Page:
Today a sales associate tried to help sell my mother on a mattress through their special diagnostic tool. They said that it compiles thousands of data points from sleep scientists, and uses thousands of sensors to guarantee the perfect fit. This pitch is nothing new. This approached is used in dating, shoe selection, and multiple verticals for the consumer space. However their are several major issues:
1. It assumes everyone is the same. Statistically, a computer can compile that most people will like the same thing, but we all have personal preferences as well. The take away should be that many people feel this way as a guide, rather then that this is the “right” fit for you.
2. Salespeople still have to treat people like people, not equations. If the sales associate would have talked to my mother before throwing her in a machine, we would have been more likely to buy a bed. Data is no substitution for customer service.
3. In Certain Data sets, Data only gets you so far. In many situations, tests can get you part of the way there, but after filtering out some basic traits, the rest has to be decided in person. For example, an online search can tell me which cars might be a good fit for me based on price and preferences, but I still want to test drive them to see how they feel. The issue is that retail associates mistake tests for absolute answers, rather then tools to help move someone down a funnel.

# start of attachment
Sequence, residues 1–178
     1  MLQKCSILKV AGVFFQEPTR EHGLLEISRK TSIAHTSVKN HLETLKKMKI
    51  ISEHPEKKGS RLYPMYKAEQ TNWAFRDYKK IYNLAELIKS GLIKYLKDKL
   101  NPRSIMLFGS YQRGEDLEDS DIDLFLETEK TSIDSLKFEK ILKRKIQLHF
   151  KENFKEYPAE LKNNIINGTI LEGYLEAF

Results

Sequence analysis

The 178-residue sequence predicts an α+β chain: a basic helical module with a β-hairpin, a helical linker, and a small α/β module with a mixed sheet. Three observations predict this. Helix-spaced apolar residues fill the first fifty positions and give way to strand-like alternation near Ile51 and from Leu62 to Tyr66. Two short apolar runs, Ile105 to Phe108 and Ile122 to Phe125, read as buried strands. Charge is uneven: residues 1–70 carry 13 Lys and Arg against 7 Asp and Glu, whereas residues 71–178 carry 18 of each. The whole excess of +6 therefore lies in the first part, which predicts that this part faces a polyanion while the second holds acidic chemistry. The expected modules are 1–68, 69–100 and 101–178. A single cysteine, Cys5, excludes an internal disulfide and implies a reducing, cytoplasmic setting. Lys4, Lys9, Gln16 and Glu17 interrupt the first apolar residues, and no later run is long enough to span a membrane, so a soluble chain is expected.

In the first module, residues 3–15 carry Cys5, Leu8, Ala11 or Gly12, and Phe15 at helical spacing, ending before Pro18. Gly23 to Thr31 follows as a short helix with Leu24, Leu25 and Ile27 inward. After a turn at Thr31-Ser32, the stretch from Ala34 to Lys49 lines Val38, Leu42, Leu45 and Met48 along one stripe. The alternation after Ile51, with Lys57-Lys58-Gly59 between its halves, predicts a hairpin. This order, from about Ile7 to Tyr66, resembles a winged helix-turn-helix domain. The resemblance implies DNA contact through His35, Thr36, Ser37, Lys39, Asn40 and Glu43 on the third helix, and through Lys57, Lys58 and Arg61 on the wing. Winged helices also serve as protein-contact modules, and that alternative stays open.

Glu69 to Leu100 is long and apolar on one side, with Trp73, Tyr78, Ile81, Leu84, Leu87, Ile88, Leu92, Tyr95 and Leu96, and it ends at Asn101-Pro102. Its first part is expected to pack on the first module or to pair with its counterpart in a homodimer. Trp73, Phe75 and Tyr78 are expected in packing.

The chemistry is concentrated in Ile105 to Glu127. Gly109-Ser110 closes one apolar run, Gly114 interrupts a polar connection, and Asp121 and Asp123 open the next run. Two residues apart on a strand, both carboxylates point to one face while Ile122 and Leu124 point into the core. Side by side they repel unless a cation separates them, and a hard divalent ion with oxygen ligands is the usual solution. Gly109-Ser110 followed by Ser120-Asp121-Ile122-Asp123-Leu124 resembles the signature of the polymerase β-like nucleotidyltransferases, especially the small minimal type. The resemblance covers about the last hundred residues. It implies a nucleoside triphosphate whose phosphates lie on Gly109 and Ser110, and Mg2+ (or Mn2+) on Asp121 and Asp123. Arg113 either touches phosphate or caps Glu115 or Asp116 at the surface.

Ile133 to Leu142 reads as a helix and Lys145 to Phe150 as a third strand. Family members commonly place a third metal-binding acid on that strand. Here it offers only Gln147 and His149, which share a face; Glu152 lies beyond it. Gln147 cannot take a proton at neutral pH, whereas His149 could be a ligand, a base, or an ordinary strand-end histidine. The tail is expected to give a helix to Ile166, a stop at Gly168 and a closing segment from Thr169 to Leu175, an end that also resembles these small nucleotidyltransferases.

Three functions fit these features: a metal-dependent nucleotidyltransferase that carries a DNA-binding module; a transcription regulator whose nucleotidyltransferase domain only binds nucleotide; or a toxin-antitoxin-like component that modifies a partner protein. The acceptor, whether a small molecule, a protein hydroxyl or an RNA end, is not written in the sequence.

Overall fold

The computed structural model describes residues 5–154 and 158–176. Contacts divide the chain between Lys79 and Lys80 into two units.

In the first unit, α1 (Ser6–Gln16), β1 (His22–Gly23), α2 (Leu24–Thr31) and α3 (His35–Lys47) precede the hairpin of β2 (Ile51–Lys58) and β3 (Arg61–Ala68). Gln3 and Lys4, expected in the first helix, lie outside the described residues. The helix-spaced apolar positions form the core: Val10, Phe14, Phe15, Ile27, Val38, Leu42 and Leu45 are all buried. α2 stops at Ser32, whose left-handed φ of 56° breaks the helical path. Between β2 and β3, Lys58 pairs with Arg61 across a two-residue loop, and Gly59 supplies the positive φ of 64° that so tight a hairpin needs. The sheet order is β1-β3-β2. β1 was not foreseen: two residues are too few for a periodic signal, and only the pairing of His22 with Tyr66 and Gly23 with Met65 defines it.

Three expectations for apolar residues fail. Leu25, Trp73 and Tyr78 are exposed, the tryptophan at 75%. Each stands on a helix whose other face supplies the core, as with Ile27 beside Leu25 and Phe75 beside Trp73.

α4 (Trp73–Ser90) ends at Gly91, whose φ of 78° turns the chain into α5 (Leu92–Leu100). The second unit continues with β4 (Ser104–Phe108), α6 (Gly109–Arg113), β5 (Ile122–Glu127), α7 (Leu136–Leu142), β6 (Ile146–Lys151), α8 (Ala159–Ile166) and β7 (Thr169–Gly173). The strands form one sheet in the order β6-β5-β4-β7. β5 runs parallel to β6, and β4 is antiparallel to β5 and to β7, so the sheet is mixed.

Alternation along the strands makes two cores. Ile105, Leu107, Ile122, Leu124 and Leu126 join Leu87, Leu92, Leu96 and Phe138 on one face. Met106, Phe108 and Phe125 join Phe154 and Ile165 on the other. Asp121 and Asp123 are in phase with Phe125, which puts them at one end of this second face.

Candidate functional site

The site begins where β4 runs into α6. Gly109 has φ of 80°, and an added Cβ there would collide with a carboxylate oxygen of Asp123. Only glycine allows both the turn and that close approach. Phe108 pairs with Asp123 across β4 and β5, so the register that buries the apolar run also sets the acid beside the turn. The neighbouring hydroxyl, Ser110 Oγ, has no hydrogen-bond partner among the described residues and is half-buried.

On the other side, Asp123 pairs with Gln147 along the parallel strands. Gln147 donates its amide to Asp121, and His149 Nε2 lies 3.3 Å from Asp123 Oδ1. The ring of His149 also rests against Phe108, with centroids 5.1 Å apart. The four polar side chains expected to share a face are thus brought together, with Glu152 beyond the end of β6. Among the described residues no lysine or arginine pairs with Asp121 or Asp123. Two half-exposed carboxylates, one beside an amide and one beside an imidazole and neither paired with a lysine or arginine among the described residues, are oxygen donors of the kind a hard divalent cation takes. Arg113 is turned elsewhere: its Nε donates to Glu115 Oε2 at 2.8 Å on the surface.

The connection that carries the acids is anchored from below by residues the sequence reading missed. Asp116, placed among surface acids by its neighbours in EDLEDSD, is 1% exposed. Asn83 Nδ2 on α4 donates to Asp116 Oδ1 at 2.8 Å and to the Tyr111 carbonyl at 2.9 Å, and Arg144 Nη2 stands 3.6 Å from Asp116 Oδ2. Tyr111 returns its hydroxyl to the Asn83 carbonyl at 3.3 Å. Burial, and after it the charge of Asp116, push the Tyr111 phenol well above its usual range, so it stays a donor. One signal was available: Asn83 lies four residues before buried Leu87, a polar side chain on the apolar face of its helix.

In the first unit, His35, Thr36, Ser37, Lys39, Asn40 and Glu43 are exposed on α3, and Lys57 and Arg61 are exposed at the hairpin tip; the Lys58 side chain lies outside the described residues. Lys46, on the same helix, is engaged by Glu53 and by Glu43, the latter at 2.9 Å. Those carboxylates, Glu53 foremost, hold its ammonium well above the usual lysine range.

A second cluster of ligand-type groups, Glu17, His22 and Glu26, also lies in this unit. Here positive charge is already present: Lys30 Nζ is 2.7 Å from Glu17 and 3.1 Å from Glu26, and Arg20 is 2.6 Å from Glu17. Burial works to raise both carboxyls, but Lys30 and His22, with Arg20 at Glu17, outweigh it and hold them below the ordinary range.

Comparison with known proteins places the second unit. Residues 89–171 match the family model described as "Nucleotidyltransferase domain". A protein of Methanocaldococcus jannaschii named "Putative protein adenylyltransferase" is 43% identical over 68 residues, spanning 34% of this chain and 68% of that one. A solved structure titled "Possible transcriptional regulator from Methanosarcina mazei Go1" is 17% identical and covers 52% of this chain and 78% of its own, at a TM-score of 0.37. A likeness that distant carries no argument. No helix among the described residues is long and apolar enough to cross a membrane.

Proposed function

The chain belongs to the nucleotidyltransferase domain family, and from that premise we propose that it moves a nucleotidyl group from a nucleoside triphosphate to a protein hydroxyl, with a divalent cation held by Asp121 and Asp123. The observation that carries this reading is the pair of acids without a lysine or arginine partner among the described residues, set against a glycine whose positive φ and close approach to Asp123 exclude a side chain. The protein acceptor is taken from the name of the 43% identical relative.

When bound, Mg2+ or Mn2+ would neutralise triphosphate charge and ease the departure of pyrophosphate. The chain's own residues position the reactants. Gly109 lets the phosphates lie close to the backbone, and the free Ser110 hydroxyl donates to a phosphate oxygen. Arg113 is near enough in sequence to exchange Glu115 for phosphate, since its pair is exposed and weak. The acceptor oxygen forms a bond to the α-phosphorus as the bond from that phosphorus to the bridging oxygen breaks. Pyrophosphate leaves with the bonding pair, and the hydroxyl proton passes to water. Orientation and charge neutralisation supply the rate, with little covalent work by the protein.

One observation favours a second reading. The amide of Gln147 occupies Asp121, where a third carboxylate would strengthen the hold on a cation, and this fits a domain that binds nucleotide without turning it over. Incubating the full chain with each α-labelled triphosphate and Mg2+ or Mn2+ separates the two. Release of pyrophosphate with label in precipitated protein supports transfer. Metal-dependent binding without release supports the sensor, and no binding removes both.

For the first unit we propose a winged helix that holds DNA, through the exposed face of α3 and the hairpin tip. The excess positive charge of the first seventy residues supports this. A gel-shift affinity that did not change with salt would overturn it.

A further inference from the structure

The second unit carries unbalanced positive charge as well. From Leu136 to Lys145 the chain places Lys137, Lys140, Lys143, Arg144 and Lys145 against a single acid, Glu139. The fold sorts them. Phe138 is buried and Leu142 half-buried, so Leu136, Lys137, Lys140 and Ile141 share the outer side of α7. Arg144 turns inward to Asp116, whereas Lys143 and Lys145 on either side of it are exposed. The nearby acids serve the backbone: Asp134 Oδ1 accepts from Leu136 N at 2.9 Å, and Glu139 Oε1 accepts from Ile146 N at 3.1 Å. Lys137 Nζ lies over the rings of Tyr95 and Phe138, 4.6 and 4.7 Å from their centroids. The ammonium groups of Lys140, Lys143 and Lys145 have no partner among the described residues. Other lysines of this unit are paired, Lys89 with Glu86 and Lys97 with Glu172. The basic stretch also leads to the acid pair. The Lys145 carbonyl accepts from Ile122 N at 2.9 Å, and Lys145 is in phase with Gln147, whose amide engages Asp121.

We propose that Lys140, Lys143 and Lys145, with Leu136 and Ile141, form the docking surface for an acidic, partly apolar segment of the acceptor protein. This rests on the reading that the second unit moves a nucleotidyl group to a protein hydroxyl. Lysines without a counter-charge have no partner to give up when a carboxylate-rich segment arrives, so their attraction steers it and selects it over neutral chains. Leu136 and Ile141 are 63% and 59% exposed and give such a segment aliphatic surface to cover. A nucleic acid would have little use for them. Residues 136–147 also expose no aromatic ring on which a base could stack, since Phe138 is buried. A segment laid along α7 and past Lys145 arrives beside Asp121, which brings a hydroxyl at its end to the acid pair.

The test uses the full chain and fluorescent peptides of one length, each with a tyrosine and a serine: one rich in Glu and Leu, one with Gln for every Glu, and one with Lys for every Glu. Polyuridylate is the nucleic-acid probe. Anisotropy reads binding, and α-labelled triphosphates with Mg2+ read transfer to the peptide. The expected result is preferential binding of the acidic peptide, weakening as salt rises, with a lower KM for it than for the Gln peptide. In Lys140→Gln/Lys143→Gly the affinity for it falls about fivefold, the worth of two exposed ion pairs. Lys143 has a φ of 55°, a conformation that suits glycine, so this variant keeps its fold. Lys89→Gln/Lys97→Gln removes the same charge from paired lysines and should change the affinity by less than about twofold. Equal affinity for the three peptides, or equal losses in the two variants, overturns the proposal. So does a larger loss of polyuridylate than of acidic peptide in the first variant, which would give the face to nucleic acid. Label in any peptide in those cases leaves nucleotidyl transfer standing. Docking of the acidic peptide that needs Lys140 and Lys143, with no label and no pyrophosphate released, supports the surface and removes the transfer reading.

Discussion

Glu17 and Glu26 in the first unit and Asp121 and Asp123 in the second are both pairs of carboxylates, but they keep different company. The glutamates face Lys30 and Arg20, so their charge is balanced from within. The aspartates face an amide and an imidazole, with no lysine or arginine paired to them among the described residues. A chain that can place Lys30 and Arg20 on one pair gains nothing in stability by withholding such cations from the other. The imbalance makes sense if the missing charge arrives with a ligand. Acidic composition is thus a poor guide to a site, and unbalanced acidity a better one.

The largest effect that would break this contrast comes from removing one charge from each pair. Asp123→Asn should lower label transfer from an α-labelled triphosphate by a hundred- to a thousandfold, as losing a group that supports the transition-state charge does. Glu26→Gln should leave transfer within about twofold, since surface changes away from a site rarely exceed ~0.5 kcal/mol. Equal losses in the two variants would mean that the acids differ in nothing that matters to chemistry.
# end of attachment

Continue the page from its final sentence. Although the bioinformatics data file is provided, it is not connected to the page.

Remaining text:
4. The Bell Curve is an outdated model in many verticals. In our culture of abundance, we often look to machines and software to tell us the most efficient answer. For verticals that are based on taste, the bell curve model is dead. Content consumption ( videos, music, etc. ) is a great example where people can find the exact fit for them, rather then looking for the most popular item. Digital goods is the easiest argument for this last fit. However, other physical goods cater to clusters of people or outliers in the equation – take Etsy for example. It caters to the long tail of economics, finding custom goods for custom buyers. Now for commodity good like a bed, the bell curve still may be a good fit. This may speak to the cost and scale of production, but I imagine that the availability of options in the mattress industry is changing consumer expectations as well.
In any instance, as retail has the ability to be more digital, it’s important to maintain some elements of care and humanity. Tools can mutually help people be more efficient with sales and customer satisfaction, but its important that tools are used the right way to help out both parties, with a grain of salt for personal preferences and individuality.
As an overall generalization for omni channel experiences, data and software is great for helping people work through areas of the upper funnel for customers, but often the later parts of retail need a high touch experience to fully ensure customer product fit and maximum satisfaction. Both digital and analog need each other for certain verticals to be truly successful.